Digging in the Data—oscillations and x-raysApril 4, 2014
The months that FF-1 is not running have given the LPP research team time to look more deeply at the hundreds of gigabytes of data that the experiments have been generating. One puzzle LPP Electrical Engineer Fred van Roessel looked at was the rapid oscillation in current and voltage that occurs when the machine fires and right after the pinch (see graph). These are almost always seen in plasma focus devices but have not had a satisfactory explanation. Van Roessel wrote programs to analyze the oscillations, concluding that they were due to current sloshing back and forth along the transmission plates that connect the capacitors to the electrodes. This hypothesis implied that the peak voltage the device generates during the pinch is proportional to the total drop in current at the same time. Sure enough, the data for the past year showed that the ratio of the voltage spike at the time of the pinch relative to the drop in current during the pinch is constant at 72 milliohms with a standard deviation of only 16%.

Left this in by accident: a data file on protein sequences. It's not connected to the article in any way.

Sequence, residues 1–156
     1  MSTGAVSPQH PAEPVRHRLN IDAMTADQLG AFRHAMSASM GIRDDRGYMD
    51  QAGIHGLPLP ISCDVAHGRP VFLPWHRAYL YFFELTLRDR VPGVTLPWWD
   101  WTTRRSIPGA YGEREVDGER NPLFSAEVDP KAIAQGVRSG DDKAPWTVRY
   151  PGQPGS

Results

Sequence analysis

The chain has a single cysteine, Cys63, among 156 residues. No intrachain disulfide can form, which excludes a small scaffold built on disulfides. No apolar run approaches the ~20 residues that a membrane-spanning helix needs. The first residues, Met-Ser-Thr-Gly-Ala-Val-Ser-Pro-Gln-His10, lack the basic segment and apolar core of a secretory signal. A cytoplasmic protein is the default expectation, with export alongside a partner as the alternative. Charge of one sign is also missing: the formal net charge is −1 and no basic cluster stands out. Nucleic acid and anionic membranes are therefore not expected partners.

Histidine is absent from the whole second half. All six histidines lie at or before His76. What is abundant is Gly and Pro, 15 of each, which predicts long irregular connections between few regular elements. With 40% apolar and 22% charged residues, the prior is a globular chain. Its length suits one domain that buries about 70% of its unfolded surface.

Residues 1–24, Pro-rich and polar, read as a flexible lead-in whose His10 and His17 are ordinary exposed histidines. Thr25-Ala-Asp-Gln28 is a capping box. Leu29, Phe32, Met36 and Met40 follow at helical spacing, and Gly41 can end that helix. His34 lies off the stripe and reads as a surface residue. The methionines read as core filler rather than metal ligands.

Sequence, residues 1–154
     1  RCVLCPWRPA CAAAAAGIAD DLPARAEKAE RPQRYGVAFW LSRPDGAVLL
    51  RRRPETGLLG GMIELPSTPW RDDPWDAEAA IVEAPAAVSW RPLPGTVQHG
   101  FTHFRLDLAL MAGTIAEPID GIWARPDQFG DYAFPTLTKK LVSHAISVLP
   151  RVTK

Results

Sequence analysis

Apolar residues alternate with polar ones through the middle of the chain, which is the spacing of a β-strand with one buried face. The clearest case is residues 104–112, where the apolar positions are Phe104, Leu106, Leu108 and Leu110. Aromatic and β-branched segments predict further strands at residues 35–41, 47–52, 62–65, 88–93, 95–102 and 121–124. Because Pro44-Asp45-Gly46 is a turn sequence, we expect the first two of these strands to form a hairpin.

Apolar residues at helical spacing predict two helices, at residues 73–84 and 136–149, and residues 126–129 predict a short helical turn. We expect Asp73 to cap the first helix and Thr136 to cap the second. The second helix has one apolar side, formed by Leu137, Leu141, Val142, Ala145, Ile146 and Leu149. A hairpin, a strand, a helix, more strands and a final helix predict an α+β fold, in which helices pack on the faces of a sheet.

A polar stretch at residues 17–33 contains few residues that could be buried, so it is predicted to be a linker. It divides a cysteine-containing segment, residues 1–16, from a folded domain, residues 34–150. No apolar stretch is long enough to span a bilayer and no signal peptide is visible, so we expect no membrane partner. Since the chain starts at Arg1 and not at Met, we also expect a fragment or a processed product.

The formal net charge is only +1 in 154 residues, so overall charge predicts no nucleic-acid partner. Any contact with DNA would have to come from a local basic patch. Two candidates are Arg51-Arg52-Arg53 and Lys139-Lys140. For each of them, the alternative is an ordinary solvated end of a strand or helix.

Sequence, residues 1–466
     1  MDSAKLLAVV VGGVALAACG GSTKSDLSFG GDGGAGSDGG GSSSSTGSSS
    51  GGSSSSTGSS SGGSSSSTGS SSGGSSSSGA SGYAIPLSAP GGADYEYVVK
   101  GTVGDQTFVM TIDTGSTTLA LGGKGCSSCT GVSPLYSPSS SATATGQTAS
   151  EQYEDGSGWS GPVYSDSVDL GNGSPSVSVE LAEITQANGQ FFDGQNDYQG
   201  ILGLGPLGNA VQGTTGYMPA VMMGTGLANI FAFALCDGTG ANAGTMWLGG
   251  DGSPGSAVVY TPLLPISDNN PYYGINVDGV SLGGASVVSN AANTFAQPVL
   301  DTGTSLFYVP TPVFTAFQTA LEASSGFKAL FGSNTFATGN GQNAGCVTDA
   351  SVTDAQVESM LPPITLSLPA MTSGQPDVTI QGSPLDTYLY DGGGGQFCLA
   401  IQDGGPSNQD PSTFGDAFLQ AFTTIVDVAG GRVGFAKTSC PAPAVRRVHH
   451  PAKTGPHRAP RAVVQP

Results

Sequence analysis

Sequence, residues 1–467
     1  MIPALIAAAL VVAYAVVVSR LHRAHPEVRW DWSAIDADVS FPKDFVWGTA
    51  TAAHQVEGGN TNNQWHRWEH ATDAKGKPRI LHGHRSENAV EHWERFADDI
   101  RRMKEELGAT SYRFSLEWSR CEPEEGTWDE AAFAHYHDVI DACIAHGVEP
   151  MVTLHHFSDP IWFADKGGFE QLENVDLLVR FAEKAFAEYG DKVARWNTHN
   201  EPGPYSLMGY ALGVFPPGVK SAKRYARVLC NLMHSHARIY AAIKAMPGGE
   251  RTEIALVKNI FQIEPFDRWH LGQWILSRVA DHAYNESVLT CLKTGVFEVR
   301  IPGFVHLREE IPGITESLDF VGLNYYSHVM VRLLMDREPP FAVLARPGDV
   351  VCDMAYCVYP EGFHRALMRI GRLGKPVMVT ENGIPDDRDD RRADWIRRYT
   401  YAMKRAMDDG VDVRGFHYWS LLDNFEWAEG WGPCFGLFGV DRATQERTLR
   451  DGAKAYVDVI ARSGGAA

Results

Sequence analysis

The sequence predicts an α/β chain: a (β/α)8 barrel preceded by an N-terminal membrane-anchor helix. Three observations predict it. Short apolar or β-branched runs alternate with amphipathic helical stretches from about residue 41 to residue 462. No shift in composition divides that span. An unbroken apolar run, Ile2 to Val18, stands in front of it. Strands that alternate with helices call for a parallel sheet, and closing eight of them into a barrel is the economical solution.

This result is important because it allows us to predict that the maximum possible voltage spike is 200 kV, well below the 1 MV estimated strength of the main Mylar insulators. It is even further below the 5 MV strength of the ceramic insulator that separates the electrodes.